July 23, 2013 marks the 20th anniversary of Pattaya Mail, Vol. I No. 1. The following pages contain a look back at the past 20 years, with messages from you the readers, as well as staff both past and present. Some of you who have been around a long time may recognize some of the events highlighted on the following pages. For others who might not have been here quite as long, perhaps you might gain a little insight into Pattaya’s past 20 years. Either way, we do hope you will enjoy reading it as much as we did researching and publishing it.
It is with heartfelt thanks that we salute you the reader, you the advertiser, and you the contributor, for without you we wouldn’t have been able to last this long. We hope we may continue to live up to your expectations for the years to come.
Daniel M. Dorothy, Executive Editor
Pattaya Mail was barely 2 months old when one of the most remarkable stories we ever covered took place in September 1993. Our good friend, Norwegian numismatist Jan Olav Aamlid, had returned to Pattaya from a trip overseas, bringing with him a veritable treasure of valuable coins. The short version is that once he made it home, the baht bus he had hired ran off with his treasure. The following two days were a remarkable show of detective work that ended with a trail of empty beer bottles leading to the baht bus driver’s home 600 kilometers away in Kampangphet. The villagers certainly enjoyed the parties he threw, and his wife certainly enjoyed the gold and jewelry he had heaped upon her, but alas it was all short-lived and what was left had to be returned to its rightful owner.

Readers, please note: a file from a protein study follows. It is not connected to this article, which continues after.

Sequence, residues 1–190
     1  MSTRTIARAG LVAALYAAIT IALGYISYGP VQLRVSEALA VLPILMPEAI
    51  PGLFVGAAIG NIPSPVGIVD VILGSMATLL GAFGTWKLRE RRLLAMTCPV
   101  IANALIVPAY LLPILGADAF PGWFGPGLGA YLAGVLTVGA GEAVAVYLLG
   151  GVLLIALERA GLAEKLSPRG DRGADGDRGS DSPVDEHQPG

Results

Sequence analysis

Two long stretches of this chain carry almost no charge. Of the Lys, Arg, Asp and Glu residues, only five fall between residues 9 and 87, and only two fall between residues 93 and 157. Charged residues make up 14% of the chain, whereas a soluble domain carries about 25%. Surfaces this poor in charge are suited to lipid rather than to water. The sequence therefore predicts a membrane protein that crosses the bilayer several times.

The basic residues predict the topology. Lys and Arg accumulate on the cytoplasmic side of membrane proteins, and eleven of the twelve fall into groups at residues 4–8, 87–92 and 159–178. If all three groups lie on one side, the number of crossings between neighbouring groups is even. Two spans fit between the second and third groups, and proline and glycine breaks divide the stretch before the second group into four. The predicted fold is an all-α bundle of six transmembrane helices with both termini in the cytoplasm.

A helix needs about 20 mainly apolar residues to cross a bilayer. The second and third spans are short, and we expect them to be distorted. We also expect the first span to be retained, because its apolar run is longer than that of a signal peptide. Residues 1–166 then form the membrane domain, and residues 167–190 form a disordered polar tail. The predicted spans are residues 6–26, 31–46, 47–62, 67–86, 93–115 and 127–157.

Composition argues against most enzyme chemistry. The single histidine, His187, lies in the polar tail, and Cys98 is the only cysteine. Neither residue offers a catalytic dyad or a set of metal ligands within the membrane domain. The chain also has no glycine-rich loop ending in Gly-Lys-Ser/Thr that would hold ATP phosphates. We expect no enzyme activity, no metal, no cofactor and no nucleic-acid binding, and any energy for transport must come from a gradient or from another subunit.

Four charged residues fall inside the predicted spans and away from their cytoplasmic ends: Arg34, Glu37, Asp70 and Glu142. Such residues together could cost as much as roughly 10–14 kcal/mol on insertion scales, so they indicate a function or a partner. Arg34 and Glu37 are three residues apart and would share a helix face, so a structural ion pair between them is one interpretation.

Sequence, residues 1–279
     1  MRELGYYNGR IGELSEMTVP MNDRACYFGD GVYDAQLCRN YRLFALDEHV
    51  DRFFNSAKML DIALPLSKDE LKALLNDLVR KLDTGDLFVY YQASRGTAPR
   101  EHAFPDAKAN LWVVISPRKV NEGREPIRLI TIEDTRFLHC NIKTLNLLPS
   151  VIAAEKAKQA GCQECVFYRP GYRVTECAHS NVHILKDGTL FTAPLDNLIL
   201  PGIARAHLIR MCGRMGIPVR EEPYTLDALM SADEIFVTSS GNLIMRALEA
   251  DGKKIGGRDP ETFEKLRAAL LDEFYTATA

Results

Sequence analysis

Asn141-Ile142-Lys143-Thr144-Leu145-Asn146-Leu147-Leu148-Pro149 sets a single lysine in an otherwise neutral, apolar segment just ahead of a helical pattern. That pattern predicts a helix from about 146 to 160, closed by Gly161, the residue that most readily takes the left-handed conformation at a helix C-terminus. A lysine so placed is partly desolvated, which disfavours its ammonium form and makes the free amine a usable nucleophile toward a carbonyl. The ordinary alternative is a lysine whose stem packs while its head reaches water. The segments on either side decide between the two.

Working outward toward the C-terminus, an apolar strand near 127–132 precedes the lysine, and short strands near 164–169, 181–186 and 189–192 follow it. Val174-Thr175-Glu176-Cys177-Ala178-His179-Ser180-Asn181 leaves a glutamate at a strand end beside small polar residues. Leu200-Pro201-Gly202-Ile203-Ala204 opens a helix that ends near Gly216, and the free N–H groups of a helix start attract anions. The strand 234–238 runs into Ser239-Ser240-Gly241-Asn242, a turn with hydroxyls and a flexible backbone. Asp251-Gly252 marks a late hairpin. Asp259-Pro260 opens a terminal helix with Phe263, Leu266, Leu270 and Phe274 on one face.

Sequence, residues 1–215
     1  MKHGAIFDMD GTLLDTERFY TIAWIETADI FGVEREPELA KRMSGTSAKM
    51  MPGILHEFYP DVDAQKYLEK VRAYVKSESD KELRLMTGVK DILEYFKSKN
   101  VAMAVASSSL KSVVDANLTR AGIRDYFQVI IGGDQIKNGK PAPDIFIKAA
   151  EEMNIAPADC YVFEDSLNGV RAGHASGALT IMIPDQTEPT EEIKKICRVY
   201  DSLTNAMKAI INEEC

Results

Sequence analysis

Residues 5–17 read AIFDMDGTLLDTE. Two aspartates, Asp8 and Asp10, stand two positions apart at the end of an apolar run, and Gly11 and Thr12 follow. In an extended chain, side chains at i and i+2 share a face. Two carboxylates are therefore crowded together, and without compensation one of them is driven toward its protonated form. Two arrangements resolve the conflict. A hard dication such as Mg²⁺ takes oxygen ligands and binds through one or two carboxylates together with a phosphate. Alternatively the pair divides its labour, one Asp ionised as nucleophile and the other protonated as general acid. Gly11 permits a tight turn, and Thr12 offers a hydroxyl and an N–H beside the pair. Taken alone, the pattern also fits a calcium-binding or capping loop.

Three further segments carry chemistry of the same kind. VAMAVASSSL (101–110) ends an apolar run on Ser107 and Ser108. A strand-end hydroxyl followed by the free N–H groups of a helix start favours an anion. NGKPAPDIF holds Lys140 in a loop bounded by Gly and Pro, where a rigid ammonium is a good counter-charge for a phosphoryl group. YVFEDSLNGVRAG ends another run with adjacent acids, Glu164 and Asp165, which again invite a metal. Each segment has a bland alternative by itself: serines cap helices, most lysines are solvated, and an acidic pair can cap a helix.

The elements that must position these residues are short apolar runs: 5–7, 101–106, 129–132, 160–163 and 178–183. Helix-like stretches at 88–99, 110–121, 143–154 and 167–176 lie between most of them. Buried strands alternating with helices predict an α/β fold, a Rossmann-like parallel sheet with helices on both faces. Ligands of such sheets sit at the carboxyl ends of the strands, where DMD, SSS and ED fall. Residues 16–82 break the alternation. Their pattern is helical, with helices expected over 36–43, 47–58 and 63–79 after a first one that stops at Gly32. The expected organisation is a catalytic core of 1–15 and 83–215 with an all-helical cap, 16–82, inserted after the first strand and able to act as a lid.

The baht bus “challenge” is nothing new, as evidenced by this June 1994 front page. Seems there was a big push on to replace the ubiquitous baht buses with what was being termed as a more sensible approach: micro buses. “… the baht bus system, whilst useful and providing a necessary service, is subject to abuse … and too many buses … adds to the traffic problem in the city.” There are now over 700 of them on city streets, and although many alternative ideas have surfaced over the years, none have caught on.
Hey, I have an idea, the mayor and business owners exclaimed back in December 1995. Let’s ban traffic on “the strip” from Siren bar to Bali Hai. Thus, Walking Street was born. Over the years, the times the road has been closed to traffic have changed, new archways have been erected, torn down, and erected again … and again. Now there is even an idea afloat to extend Walking Street the entire length of Beach Road.
When notorious drugs dealer and Danish escaped fugitive Red Rene was arrested in Pattaya back in April 1996, it was one of the first “major” international crime arrests in our seaside resort. The photo that appeared on an inside page of this edition, with police pointing a gun at Rene and waving for him to exit the baht bus he was in, sent a clear signal that Pattaya was no longer an easy hideout for foreign criminals.
In July 1997, some thought that perhaps the Royal Jomtien Resort fire was a portent of things to come. The tragic loss of at least 90 lives, due in part to chain locked fire exit doors, had, at least for a while, a profound effect on fire safety in Pattaya. In the days and months following the disaster, new fire regulations were instituted, old regulations more strictly enforced, and fire training enhanced. To this day, most reputable hotels in the area carry out regular fire training, and fortunately, in the intervening 11 years, though there have been fires, disasters and accidents, none have been as fatal as the Jomtien disaster, due to somewhat better management and safety regulations being (occasionally) enforced.
As with all good, long lasting events, there has to be a first, and in September 1998 the Jesters Motorcycle Club, along with the Pattaya International Ladies Club and Foster Wheeler held a fund raising party at Delaney’s Irish Pub (which is where More Bar is located now), and raised 1 million baht for the then little known Fountain of Life Center. We are happy to have been able to give that event, and all those subsequent, strong coverage in Pattaya Mail. In 2007 the charity drive raised 7.25 million baht. This year’s event is just around the corner.